•Earlier, the market equilibrium was studied under the assumption that there is a fixed number of firms.
•In this lesson, we will study market equilibrium when firms can enter and exit the market freely.
•We assume that all the firms in the market are identical.
•It implies that in equilibrium no firm earns supernormal profit or incurs loss by remaining in production;
•It means that the equilibrium price will be equal to the minimum average cost of the firms.
If firms are earning supernormal profit
•Suppose that at the prevailing market price, each firm is earning supernormal profit.
•It will then attract some new firms.
•As new firms enter the market, supply curve shifts rightward (increases), but the demand remains unchanged.
•This causes market price to fall.
•As prices fall, supernormal profits are eventually wiped out.
•At this point, with all firms in the market earning normal profit, no more firms will have incentive to enter.
Market Price at free entry and exit
•Firms will earn supernormal profit so long as the price is greater than the minimum average cost.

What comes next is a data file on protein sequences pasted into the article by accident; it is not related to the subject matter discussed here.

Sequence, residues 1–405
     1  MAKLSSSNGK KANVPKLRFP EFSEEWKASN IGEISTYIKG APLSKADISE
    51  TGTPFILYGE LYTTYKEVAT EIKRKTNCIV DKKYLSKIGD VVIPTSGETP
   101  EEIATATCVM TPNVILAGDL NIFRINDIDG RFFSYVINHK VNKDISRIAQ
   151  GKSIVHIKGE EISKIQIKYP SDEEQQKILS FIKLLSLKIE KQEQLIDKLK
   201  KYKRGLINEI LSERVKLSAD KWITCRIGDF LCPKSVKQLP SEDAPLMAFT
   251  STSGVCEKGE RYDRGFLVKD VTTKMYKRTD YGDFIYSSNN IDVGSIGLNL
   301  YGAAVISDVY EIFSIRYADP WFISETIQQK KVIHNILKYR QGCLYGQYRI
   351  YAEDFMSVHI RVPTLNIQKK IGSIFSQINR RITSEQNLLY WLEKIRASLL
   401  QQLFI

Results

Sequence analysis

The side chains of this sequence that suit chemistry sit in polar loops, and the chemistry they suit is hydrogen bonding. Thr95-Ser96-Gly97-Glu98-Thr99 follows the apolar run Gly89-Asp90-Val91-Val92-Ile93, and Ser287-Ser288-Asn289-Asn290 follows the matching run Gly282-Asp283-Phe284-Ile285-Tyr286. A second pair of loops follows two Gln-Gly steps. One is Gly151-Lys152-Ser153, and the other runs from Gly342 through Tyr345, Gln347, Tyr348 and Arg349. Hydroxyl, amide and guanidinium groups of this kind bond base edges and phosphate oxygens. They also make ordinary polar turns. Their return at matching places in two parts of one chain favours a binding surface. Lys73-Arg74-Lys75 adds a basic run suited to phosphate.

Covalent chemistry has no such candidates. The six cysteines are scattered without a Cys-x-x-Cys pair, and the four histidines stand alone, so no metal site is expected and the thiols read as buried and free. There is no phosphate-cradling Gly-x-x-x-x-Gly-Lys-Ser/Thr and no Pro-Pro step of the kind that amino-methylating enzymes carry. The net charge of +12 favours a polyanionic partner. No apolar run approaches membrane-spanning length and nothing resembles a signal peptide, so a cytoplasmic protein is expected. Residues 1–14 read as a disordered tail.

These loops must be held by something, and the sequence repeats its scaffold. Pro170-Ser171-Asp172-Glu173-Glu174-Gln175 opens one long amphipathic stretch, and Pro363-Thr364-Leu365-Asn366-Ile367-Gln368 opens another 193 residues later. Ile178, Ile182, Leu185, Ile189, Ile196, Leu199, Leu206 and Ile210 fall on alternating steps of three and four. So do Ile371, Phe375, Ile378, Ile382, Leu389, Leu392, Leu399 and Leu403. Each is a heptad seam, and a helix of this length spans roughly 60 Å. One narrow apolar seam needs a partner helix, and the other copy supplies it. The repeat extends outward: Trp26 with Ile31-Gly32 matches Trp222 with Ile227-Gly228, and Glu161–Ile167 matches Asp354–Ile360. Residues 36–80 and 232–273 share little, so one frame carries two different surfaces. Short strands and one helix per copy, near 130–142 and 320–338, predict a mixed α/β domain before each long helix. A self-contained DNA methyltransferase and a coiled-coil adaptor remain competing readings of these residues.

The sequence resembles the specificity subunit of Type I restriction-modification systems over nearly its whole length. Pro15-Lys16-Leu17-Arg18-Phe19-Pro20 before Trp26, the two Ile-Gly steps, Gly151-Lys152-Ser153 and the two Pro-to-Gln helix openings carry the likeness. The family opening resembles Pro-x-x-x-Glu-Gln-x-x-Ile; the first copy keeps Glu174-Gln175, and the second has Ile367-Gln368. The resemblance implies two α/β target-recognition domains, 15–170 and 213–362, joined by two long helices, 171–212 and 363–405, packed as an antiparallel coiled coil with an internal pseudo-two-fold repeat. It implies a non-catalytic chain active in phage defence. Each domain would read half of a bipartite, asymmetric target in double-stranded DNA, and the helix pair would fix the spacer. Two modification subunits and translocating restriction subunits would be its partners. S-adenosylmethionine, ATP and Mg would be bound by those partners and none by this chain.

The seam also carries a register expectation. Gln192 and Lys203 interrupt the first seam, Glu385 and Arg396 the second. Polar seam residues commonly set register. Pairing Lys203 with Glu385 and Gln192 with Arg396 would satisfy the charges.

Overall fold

•At prices less than minimum average cost, they will earn less than normal profit.
•Therefore, at prices greater than the minimum average cost, new firms will enter, and at prices below minimum average cost, existing firms will start exiting.
•At the price level equal to the minimum average cost of the firms, each firm will earn normal profit so that no new firm will be attracted to enter the market. Also the existing firms will not leave the market since they are not incurring any loss by producing at this point. So, this price will prevail in the market.
•Therefore, free entry and exit of the firms imply that the market price will always be equal to the minimum average cost, i.e. p = min AC
Price Determination with Free Entry and Exit
•With free entry and exit in a perfectly competitive market,
•the equilibrium price is always equal to min AC and
•the equilibrium quantity is determined at the intersection of the market demand curve DD with the price line p = min AC.
Equilibrium number of firms
•At p0 = min AC each firm supplies same amount of output (q0f)
•Therefore, the equilibrium number of firms in the market is equal to the number of firms required to supply q0 output at p0, each in turn supplying q0f amount at that price.
•If we denote the equilibrium number of firms by n0, then